Oct. 23, 2015 -- Inside Higher Ed's 2015 Survey of College and University Faculty Workplace Engagement is a new survey exploring professors' views on how engaged they are. The survey was conducted in conjunction with researchers from Gallup.
Inside Higher Ed regularly surveys key higher ed professionals on a range of topics.
A copy of the report can be downloaded here.
On Thursday, Nov. 19 at 2 p.m. Eastern, Inside Higher Ed's Scott Jaschik and Doug Lederman will conduct a free webinar analyzing the survey's findings and answering readers' questions. To register for the webinar, please click here.
The survey was made possible in part by financial support from TIAA-CREF.
"Faculty Salaries" is Inside Higher Ed's latest print-on-demand compilation of articles.
It contains a report on the annual faculty compensation survey from the American Association of University Professors and explores such topics as gender and racial pay gaps and adjunct unionization.
This compilation is free and you may download a copy here.
And you may sign up here for a free webinar on Thursday, August 20, at 2 p.m. Eastern about the themes of the booklet.
The publication of this booklet was made possible in part by the advertising support of Academic Partnerships.
After more than a decade of debate, and strong lobbying from both administrators and students, professors vote in favor of the measure, 916 to 487.
Faculty pay is up 2.2. percent, or 1.4 percent adjusted for inflation, new A.A.U.P. survey finds. Despite modest gains, association says professor pay can't be blamed for tuition hikes. Searchable database by institution available exclusively here.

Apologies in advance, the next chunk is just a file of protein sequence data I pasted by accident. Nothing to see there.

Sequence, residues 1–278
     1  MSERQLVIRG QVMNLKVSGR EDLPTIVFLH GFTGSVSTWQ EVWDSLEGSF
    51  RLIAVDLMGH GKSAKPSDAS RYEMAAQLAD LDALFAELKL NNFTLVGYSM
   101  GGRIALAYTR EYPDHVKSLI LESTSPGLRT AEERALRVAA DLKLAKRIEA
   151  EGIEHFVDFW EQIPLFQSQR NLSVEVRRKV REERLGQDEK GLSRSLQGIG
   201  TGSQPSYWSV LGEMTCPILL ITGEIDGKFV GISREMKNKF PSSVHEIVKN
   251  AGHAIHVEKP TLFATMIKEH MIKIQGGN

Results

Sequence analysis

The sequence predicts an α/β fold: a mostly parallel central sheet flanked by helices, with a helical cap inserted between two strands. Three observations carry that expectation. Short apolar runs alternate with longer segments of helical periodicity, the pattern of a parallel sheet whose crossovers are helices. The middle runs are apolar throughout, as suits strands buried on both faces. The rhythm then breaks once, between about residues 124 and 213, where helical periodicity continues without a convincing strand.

Brown U. says it will double underrepresented minority faculty ranks in 10 years. What's its strategy? Why do some institutions favor -- and some avoid -- specific goals?
An anonymous letter allegedly written by faculty members at Vanderbilt U. is circulating, detailing concerns about the leadership of the chancellor.
Justice Department says Southeastern Oklahoma State discriminated against a professor on the basis of gender identity.
Presidents overwhelmingly say they should have more input in faculty hiring and tenure decisions. But just how much say should they have?
U. of Tennessee walks back -- at least in terminology -- from a proposal to "de-tenure" faculty members as part of new business plan. But the policy idea may well remain alive.
UW-Madison chancellor comes under fire for recently admitting she matches outside faculty offers with course load reductions. Is there anything wrong with the practice?
A prominent professor uses a disciplinary meeting to discuss his struggles with depression -- and encourages others in academe to talk about mental health issues.
Has a key part of the gender gap for women in science and technology been eliminated? Or do the data show the continued loss of female talent in STEM?
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